Cousins' lives escalate from petty crimes to alleged murder in the US video

REUTERS

Sean Kratz and Cosmo DiNardo, 20, are both charged in connection to the killings of four men who were missing for days, and to burying their bodies on a US farm.

The cousins started small - break-ins, jewellery heists and traffic violations - but now they're charged in a grisly crime spree that ended with police unearthing the bodies of four young men from two pits buried deep on a sprawling family-owned farm in the US.

Police in Pennsylvania found the missing men after a gruelling, five-day search in sweltering heat and pelting rain, but it's still not clear why the 20-year-old suspects' crimes escalated from petty offences.

For Cosmo DiNardo, whose lawyer said he confessed to all four killings in exchange for being spared the death penalty, brushes with the law began in his early teenage years.

Cosmo Dinardo has confessed to four killings in order to avoid the death penalty.
SUPPLIED

Cosmo Dinardo has confessed to four killings in order to avoid the death penalty.

He was about 14 when the local Bensalem Police Department first had contact with him. Over the next six years, he had more than 30 run-ins with its officers, department director Frederick Harran said, although court filings reflect only the minor infractions and traffic stops that came after age 18.

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Sean Kratz is charged over three of the killings.
BUCKS COUNTY DISTRICT ATTORNEY'S OFFICE

Sean Kratz is charged over three of the killings.

DiNardo enrolled at Arcadia University in Glenside, Pennsylvania, in 2015 with hopes of studying biology and had an eye on international travel, according to a blog post announcing the incoming class.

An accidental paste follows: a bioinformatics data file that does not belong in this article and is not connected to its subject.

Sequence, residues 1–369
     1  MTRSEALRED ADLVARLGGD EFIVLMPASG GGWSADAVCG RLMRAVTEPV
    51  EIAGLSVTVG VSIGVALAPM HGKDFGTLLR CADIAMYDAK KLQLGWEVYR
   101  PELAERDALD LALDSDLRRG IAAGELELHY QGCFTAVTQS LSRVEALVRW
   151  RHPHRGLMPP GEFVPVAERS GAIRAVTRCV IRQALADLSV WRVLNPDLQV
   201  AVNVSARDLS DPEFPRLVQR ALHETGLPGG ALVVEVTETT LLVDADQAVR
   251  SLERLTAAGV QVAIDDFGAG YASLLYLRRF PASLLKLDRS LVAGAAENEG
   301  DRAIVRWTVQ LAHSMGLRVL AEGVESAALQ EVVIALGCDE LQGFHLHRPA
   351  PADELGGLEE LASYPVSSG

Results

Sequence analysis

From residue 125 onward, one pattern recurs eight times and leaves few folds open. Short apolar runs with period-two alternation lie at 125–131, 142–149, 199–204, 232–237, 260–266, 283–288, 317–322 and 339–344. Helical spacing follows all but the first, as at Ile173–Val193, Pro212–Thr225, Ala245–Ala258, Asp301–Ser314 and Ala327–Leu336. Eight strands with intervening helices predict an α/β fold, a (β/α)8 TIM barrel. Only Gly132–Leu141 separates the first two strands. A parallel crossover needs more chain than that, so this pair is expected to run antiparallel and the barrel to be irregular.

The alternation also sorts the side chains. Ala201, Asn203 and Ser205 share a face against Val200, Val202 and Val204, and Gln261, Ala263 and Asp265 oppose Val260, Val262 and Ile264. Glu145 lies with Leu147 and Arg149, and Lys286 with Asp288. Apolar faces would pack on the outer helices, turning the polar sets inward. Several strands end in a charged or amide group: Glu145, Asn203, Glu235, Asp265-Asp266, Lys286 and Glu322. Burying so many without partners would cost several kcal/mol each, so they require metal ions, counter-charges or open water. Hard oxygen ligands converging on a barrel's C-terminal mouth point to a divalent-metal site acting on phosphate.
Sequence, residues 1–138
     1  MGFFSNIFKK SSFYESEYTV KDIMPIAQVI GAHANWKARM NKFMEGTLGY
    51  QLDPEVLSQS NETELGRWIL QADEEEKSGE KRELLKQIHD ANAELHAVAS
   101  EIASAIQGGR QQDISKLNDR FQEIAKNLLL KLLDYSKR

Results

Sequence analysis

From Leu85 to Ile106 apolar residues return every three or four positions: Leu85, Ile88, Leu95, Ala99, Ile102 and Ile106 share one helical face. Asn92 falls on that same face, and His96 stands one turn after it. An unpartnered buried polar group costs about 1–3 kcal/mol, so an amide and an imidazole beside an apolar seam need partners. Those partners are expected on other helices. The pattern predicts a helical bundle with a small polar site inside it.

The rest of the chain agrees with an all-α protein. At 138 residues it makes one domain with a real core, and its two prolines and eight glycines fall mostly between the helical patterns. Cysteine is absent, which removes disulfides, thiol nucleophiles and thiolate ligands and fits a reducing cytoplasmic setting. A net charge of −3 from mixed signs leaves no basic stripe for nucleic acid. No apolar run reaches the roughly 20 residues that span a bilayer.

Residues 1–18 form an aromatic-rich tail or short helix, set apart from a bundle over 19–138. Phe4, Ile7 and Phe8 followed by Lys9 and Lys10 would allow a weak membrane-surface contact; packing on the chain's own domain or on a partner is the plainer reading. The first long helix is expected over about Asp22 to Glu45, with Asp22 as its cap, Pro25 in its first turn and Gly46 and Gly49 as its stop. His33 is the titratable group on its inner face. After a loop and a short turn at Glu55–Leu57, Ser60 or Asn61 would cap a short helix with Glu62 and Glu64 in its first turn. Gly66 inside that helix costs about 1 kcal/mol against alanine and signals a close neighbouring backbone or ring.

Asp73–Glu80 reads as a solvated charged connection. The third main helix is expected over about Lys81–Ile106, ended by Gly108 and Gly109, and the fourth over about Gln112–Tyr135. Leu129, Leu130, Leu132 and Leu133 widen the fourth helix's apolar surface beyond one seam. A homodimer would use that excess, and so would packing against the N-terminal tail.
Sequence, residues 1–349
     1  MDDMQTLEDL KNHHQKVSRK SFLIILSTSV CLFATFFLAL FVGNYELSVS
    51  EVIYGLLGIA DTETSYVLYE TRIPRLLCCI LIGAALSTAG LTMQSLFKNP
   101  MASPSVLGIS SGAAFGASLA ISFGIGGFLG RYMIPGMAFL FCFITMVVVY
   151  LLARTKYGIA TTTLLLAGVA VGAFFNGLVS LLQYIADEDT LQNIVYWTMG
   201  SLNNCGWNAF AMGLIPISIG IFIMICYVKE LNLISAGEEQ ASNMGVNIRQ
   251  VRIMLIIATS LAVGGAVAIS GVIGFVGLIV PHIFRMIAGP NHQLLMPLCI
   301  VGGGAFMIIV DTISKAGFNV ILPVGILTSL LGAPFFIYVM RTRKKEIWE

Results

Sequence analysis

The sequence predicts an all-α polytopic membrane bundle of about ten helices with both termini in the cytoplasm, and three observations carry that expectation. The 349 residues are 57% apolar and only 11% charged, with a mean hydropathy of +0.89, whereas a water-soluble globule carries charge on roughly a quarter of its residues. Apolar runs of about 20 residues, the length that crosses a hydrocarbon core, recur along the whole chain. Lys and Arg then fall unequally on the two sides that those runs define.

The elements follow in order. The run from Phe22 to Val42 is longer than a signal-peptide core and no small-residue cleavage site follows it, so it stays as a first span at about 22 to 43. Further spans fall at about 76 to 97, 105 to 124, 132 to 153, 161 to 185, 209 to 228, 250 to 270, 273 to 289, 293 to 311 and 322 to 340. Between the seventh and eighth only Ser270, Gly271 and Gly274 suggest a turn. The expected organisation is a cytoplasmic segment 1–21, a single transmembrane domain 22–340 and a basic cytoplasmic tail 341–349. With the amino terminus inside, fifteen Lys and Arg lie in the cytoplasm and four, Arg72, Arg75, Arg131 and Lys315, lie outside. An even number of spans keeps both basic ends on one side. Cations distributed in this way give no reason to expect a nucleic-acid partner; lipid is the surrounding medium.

"I'm going to go overseas, hopefully to Italy and the rest of Europe," he is quoted as saying.

However, his time at the school was short. After making comments that unnerved several people on campus, public safety officials contacted the local police department. The university sent a letter to DiNardo's parents saying said their son could face trespassing charges if he returned to the school, a person aware of the contents of the letter said, speaking on condition of anonymity because they were not authorised to publicly discuss it.

REUTERS

20-year-old Cosmo DiNardo has confessed to being involved in the killings of four men missing for days in Pennsylvania, according to his lawyer.

A year and a day before he admitted to killing the missing men, lighting three of them on fire and using a backhoe to load the charred bodies into an oil tank that he buried more than 3.7-metres deep on his parents' farm, a family member had DiNardo involuntarily committed to a mental institution, Harran said.

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Details of his institutionalisation remain unclear, but he was barred by law from owning a firearm afterward. Nonetheless, when Bensalem police responded to a report of gunfire in February, an officer found DiNardo in his truck with a 20-gauge shotgun and extra ammunition. He acknowledged his history of mental illness, Harran said.